Monday, June 15, 2015

Mandala Monday - Fabric Creativity

I joined up with a Facebook group for support on doing the La Passacaglia quilt.  It's TONS of hand piecing, a project I can do with Lady K in the background and it be portable.  I had started a bit of it with a solid center rather than a pieced center for 4 or 5 of the rosettes in the quilt.  Yesterday I got out the fabric with the intent on cutting out many of the rosettes.  There are 39 rosettes in this quilt.  Some of them are large, some small.  Some of full complete, some aren't as they merge in with other rosettes.

I knew I needed to get more organized and systematic with constructing this quilt.  There are 5 rosettes which are singles and I decided to use my solid center ones for those.  I then selected one as Rosette #1 and cut out the remaining pieces necessary for completion.  

I used the same fabric I used for the center in other pieces I needed, mainly selecting the lighter parts and not the herons themselves.  Although I thread basted the original pieces, I glue basted the new parts.  I now have the dark blue ring sewn together and ready to sew to the center and have started on the stars and diamonds which fit onto the dark rind.  This ring is going to be a bit dark compared to some I have in mind.

This is Rosette #2, which is a large one.  I fussy cut flowers for the center.  After cutting out pieces for #1 and #2, I was exhausted.  For #2 alone, there are 238 pieces you cut out.

Since I am trying to stay organized so I can pick up and put down and know where I am (and know what additional fabric I might be looking for), I took pictures of my fabric selections and sent it to myself on my phone as a backup.

My design board is also my cutting table at this time.  I have two large particle boards covered with batting and flannel and duct taped together.  It folds in half and I can lay it on my bed as a cutting board.  Not exactly the correct height, but it's better than anything else I have available.

I am keeping rosette pieces in a plastic divider, along with my papers I have printed off and cut out.  I have made some notes to make it easier to know what and how many to cut out on each rosette.

I also have a sketchbook I use to keep track of projects I complete.  I am just gluing down scraps of most of the fabrics I am using for the quilt.  I also have a page for additional notes to myself as to what each rosette is and how far I am along on it.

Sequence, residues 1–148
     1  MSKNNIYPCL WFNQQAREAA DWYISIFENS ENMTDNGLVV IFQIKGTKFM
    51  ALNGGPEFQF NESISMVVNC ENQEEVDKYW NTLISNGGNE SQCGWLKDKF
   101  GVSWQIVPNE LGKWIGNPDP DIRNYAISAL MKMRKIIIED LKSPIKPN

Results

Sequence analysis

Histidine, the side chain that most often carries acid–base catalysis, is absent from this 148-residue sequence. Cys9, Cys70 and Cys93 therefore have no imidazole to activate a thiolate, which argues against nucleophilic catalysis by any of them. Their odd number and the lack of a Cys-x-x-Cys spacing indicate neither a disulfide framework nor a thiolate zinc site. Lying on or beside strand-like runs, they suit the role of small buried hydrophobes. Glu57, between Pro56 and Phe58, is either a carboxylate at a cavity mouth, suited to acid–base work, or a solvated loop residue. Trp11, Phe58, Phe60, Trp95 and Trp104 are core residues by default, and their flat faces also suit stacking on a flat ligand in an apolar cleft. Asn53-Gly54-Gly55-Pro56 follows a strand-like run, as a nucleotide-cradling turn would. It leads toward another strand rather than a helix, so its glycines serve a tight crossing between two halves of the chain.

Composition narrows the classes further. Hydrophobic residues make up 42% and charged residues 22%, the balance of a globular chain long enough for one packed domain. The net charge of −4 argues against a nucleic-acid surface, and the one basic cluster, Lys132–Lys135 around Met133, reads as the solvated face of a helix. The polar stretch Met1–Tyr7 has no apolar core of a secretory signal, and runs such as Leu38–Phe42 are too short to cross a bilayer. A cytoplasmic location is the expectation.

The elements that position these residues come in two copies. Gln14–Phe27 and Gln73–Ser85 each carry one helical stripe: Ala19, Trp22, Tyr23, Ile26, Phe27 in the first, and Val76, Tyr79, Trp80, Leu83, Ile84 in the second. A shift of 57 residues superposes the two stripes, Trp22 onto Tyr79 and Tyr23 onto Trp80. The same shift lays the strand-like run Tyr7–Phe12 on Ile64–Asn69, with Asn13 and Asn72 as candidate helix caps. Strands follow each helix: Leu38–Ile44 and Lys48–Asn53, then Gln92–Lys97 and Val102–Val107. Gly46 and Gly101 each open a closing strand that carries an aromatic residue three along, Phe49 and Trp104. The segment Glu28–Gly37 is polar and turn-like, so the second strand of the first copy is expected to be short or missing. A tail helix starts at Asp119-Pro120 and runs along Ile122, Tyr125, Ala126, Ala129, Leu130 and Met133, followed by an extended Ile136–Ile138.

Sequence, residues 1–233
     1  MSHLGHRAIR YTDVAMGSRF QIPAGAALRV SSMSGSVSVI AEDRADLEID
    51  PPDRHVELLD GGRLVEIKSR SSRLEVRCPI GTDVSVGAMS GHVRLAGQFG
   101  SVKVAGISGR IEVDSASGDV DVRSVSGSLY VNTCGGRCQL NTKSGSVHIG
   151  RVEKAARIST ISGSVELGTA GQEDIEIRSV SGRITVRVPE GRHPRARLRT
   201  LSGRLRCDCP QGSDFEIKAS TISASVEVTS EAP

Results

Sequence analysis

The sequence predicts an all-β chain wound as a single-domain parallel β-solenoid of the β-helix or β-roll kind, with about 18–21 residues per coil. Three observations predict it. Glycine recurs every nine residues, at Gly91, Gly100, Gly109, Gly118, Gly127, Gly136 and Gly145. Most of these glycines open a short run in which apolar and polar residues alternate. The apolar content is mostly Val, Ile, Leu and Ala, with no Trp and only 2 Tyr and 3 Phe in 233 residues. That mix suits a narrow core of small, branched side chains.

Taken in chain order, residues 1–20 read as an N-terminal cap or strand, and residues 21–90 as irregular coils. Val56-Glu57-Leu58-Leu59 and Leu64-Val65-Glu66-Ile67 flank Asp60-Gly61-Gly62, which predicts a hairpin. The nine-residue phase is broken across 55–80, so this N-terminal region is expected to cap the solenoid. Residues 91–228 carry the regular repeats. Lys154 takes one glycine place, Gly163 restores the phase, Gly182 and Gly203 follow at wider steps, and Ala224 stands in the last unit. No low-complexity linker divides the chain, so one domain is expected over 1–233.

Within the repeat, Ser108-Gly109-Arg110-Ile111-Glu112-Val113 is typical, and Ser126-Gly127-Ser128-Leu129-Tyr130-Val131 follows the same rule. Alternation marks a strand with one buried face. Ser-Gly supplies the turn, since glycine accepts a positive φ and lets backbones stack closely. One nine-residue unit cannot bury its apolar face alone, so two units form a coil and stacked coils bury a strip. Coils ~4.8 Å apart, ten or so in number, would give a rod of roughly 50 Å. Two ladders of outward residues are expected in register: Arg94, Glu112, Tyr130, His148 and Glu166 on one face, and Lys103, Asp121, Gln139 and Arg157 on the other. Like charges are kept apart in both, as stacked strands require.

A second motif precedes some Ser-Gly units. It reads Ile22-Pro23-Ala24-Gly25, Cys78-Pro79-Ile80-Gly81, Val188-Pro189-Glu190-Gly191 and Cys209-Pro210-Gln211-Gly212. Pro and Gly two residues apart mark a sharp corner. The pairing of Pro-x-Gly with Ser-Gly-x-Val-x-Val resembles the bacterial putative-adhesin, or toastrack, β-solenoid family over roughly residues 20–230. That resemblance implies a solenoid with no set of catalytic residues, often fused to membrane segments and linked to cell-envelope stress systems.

Needles to say, this is not a 'quickie' by any means.  Just cutting out the pieces needed for one rosette takes an hour or so.  More if you are fussy cutting a lot of the pieces. But I am learning many things while doing this quilt...

  • The support of a stitching community is important, especially on such a large project.  The inspiration received on a daily basis is fantastic and it helps keep me motivated.
  • Creativity is exhausting mentally!  Putting together a range of 5-8 fabrics and trying to envision how they will finally all go together in a round is, on one hand, fun and exciting, on the other, a bit nerve wracking and second guessing yourself.
  • Quilting is exhausting physically too.  Cutting out all those pieces and making sure you have enough of each one.  Bending over a cutting board.  Cutting out paper pieces (I think the expense of purchasing the papers might be worth it on the next one!)
  • Already thinking this is a quilt I will be sending to a professional for quilting.  It's going to be too big for me and my little machine to handle, beyond the fact with all the effort going into hand piecing the top, I want it quilted well and with a bit of flare.
  • I have to stay organized on this quilt.  No way I can just 'slash and go' on this one.
  • The handwork is meditative.  It's very repetitive and once you get things cut out and basting and stitching the pieces together is very calming, at least it is for me.
As I get the rosettes actually put together, I will share my process.  It's going to be a llllooonnnnnggggg journey!


  1. Beautiful fabrics!

  2. Anonymous9:43 PM

    Fun, exciting, and exhausting, describe perfectly the creative process. Choosing fabric is one of my favorite parts of quilting and it always takes more time (glorious time!) than I remember. Your choices are wonderful!


Thanks for commenting. It means a lot.